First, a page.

Preserving and protecting those things you hold dear—the integrity of Acadia’s natural wonders, the park’s unique opportunities to connect with nature, the loving care of Acadia’s matchless trail and carriage road systems—is a wise investment. The easiest way to leave a lasting legacy for the benefit of Acadia National Park is to include Friends of Acadia in your will.
The information provided below is meant to assist you and your advisors in planning. Your gift, regardless of size, will be both welcome and important to Friends of Acadia. Thank you.
Federal Tax Identification Number: 01-0425071
Sample language for including Friends of Acadia in a will or codicil:
- I give, devise, and bequeath _____ % of the remaining assets of my estate to Friends of Acadia, a Maine charitable corporation, for its charitable purposes…
- I give, devise, and bequeath the sum of $______ to Friends of Acadia, a Maine charitable corporation, for its charitable purposes…
- I give, devise, and bequeath the following property to Friends of Acadia, a Maine charitable corporation, for its charitable purposes… [Description of property].
You are strongly urged to discuss your gift intentions with Friends of Acadia at an early stage in your planning. Please call us at 1-800-625-0321, or have your attorney or financial advisor call, if you have any questions or require additional information.
If you have already included Friends of Acadia in your estate plans, please complete this confidential statement and return it to Friends of Acadia at PO Box 45, Bar Harbor, ME 04609.
Other planned gifts
In addition to including Friends of Acadia in your will, you can also name Friends of Acadia as a beneficiary in your:
- Charitable Remainder Trust
- Gift Annuity
- Retirement Plan (IRA, 401K, etc.)
- Revocable Remainder Trust
- Life Estate
- Life Insurance
- Director’s Charitable Award
The George B. Dorr Society
The George B. Dorr Society was established in 2005 to recognize those members and friends who have documented provisions for Friends of Acadia in their estate plans. The Dorr Society honors George Bucknam Dorr, gentleman, scholar, and lover of nature, whose dedication to preserving Mount Desert Island helped create Acadia National Park.
Each year Dorr Society members gather for a special appreciation event. In 2012, we gathered aboard Bar Harbor Whale Watch Company’s Friendship V to cruise along the shores of MDI and Schoodic with interpretation by Bar Harbor Whale Watch Company’s Zach Klyver and Acadia National Park’s Todd Miller. A picnic dinner was provided by the Jordan Pond House.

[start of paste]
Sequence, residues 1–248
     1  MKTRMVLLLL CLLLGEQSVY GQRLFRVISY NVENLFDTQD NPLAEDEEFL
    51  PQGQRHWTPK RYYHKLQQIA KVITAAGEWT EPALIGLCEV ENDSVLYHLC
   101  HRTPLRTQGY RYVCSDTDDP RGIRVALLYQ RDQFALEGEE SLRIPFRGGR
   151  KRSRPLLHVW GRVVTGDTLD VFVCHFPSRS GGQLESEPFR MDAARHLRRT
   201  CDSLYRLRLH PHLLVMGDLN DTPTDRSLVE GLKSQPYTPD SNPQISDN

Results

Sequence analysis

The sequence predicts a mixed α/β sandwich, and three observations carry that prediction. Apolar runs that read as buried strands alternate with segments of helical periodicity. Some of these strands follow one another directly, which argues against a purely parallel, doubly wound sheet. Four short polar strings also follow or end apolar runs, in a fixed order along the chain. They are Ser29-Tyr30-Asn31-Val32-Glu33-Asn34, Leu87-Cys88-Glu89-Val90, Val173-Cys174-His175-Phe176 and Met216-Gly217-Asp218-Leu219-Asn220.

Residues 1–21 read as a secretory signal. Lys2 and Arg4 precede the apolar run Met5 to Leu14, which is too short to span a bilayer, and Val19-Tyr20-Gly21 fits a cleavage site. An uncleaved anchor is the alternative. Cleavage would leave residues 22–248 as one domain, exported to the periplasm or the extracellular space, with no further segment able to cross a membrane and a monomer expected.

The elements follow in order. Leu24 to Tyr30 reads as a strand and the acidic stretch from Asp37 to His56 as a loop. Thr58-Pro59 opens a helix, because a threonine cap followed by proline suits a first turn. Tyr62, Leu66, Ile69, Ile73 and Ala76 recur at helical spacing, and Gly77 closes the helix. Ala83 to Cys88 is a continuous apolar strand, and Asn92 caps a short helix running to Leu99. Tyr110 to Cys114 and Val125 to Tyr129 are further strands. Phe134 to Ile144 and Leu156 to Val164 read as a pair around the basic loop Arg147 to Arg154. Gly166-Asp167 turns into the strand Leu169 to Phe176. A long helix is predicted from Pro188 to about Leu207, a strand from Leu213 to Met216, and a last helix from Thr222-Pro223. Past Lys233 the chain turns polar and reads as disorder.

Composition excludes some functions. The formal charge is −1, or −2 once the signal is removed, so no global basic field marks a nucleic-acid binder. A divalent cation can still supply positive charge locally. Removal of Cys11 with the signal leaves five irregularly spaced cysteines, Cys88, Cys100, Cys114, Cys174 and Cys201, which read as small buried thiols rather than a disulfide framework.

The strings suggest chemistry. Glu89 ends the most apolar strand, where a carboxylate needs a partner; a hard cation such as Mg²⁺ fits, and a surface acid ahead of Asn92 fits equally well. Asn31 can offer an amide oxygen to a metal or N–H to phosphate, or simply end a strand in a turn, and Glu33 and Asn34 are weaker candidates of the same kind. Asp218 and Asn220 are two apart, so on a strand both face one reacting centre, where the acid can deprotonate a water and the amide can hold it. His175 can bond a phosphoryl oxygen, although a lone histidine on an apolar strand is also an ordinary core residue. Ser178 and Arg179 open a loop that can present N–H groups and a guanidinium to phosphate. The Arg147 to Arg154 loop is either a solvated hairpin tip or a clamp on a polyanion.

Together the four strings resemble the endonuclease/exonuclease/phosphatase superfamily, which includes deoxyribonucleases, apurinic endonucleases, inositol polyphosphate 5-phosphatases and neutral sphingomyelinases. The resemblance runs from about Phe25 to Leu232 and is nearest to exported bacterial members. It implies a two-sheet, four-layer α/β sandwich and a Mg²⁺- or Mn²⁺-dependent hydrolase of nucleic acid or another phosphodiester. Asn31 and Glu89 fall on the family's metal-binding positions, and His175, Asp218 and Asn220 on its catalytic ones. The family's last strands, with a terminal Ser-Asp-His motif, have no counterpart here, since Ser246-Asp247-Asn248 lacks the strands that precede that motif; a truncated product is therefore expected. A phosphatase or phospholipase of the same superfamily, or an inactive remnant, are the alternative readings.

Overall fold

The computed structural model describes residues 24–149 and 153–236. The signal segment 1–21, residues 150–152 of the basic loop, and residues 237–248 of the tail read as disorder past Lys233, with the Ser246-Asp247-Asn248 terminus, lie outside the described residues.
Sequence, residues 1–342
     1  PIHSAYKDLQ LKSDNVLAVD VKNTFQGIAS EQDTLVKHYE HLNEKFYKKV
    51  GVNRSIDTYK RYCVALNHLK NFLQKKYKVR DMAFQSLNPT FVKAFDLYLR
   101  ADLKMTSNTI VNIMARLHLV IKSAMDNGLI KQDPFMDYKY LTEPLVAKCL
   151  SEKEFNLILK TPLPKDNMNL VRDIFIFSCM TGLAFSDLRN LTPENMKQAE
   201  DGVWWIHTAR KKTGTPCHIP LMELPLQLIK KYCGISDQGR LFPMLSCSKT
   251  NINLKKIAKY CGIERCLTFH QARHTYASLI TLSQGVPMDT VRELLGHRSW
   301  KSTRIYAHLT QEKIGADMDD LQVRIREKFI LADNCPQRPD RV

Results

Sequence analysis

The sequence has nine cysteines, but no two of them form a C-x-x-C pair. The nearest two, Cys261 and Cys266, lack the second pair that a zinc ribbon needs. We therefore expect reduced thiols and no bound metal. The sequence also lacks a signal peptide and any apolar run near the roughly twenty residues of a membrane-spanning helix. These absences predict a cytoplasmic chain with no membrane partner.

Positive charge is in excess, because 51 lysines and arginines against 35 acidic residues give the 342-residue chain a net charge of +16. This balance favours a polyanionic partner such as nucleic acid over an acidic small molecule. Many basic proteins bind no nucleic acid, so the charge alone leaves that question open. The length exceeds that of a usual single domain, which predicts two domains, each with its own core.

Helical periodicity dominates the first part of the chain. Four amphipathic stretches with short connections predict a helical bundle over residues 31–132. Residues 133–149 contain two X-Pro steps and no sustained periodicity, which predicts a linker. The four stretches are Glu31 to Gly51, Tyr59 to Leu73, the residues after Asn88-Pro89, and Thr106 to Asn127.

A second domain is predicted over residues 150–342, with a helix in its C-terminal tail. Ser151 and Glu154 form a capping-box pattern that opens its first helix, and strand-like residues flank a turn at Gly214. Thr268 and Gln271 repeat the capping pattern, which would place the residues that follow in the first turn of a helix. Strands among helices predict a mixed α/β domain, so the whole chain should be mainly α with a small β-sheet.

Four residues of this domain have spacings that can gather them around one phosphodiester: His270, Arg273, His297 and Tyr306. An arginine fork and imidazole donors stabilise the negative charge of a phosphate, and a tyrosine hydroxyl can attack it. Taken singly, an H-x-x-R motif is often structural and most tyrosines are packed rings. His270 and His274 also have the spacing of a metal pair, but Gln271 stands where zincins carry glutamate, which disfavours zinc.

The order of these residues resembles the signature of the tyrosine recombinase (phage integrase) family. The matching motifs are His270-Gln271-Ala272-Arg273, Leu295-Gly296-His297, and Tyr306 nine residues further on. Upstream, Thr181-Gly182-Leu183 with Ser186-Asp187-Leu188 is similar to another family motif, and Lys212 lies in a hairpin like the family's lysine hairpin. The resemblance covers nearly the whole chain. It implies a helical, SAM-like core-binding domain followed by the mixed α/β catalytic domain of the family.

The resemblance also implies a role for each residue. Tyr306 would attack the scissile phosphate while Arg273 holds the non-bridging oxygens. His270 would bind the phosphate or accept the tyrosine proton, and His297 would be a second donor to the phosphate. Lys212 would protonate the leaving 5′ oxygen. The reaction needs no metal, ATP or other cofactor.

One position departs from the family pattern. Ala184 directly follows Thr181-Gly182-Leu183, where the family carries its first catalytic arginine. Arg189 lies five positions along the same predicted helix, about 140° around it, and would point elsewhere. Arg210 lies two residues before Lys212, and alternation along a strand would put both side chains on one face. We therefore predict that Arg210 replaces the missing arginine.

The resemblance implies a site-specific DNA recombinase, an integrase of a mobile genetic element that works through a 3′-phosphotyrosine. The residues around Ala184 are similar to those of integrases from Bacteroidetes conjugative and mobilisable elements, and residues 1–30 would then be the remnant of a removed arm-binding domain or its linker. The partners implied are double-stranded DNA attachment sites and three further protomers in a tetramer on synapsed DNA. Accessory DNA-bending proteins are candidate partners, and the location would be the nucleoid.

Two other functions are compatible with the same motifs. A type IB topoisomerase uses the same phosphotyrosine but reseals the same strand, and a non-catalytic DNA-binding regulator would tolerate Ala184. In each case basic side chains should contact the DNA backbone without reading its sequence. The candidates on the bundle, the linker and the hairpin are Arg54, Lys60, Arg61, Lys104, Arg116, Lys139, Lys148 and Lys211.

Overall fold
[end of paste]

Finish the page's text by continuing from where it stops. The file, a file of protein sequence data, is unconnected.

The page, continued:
If you have made provisions for Friends of Acadia in your estate plans or would like information about joining the George B. Dorr Society, please contact Lisa Horsch Clark, director of development and donor relations, at 207-288-3340 or email@example.com.
George B. Dorr Society Icon
In 1916 a sprig of wild blueberries first appeared on the title page of a new series of articles publicizing the establishment of the Sieur de Monts National Monument. Of the 23 projected articles that George B. Dorr planned for the Sieur de Monts Publications, ten of the nineteen extant publications are illustrated on the title page with Dorr’s photograph of the favored fruit of Mainers.
The long neglected articles cover the flora and fauna of not only Mount Desert Island but also comparatively less hospitable climates in the southwestern United States. While Dorr authored many of the pamphlets, other contributors included Charles W. Eliot, L.B. Deasy, Rev. William Lawrence, Henry Lane Eno, Francis Parkman, Edward Rand, and Joshua Chamberlain. Published from 1916 through 1919 by the U.S. Interior Department and the Wild Gardens of Acadia, thousands of copies of each number were distributed for free to the public at large.
No historical document survives relating Dorr’s rationale for selecting Maine’s state fruit (Vaccinium angustifolium). As a horticulturist he was surely attracted to this indigenous plant because of its historic associations, agricultural heritage, and commercial value. It is quite likely that Dorr’s choice was driven by Mainers regard for this attractive wild fruit as a distinctive public asset. Much like the landscapes that he would struggle to make available to them over the remaining three decades of his life.
Ronald H. Epp
June 4, 2019